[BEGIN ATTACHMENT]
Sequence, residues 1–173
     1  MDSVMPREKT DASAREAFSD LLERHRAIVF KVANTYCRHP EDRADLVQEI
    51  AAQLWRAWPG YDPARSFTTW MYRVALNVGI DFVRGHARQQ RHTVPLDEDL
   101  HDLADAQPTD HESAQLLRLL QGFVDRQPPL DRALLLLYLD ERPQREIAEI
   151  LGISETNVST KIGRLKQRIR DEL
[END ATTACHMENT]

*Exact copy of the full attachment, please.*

Sequence, residues 1–173
     1  MDSVMPREKT DASAREAFSD LLERHRAIVF KVANTYCRHP EDRADLVQEI
    51  AAQLWRAWPG YDPARSFTTW MYRVALNVGI DFVRGHARQQ RHTVPLDEDL
   101  HDLADAQPTD HESAQLLRLL QGFVDRQPPL DRALLLLYLD ERPQREIAEI
   151  LGISETNVST KIGRLKQRIR DEL